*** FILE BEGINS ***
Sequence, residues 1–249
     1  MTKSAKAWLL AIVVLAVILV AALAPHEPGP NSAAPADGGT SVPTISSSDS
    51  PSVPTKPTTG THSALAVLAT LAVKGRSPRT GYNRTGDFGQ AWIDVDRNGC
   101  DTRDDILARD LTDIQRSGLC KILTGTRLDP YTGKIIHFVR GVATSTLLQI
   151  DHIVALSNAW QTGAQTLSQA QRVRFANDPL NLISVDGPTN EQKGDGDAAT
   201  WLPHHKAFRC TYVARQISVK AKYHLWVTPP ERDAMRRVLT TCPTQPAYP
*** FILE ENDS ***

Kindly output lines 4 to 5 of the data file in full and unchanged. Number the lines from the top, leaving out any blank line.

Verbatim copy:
   101  DTRDDILARD LTDIQRSGLC KILTGTRLDP YTGKIIHFVR GVATSTLLQI
   151  DHIVALSNAW QTGAQTLSQA QRVRFANDPL NLISVDGPTN EQKGDGDAAT